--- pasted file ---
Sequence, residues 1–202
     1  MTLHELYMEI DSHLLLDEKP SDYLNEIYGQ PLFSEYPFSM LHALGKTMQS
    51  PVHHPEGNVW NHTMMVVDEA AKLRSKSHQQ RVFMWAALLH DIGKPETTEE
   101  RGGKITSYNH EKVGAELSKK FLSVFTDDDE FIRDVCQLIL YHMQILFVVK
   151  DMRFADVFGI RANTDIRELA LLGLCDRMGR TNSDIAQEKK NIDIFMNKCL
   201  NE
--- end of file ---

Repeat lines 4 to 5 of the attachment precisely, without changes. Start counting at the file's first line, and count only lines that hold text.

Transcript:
   101  RGGKITSYNH EKVGAELSKK FLSVFTDDDE FIRDVCQLIL YHMQILFVVK
   151  DMRFADVFGI RANTDIRELA LLGLCDRMGR TNSDIAQEKK NIDIFMNKCL